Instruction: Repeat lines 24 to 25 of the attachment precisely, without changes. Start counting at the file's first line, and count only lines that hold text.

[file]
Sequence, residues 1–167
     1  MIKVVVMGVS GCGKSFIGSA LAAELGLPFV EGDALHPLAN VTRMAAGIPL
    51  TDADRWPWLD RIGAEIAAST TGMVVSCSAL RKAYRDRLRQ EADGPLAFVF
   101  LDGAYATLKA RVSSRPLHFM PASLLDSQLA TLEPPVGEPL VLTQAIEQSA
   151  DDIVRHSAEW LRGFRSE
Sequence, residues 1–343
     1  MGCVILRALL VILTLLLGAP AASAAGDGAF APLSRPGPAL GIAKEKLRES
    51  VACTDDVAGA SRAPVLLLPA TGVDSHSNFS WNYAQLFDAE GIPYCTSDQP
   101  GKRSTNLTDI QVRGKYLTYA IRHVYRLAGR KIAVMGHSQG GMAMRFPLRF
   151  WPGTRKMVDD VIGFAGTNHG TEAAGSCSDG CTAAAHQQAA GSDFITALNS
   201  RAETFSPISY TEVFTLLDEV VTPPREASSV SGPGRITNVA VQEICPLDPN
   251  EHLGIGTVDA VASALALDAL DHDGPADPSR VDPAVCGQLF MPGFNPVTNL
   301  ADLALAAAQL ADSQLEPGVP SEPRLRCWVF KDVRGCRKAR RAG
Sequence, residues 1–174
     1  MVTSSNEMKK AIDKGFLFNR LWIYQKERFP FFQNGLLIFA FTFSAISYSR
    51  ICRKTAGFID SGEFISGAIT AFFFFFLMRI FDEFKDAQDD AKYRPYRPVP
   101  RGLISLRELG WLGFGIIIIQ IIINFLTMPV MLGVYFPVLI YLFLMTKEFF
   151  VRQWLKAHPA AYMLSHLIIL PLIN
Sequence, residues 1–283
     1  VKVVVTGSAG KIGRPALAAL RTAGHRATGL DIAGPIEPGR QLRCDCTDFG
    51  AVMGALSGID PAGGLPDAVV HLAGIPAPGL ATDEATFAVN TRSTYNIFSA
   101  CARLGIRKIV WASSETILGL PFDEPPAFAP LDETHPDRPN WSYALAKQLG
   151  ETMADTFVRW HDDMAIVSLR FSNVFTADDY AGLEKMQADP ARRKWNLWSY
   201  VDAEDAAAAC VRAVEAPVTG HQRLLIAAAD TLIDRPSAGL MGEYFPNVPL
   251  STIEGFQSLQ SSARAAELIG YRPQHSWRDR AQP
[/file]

   201  VDAEDAAAAC VRAVEAPVTG HQRLLIAAAD TLIDRPSAGL MGEYFPNVPL
   251  STIEGFQSLQ SSARAAELIG YRPQHSWRDR AQP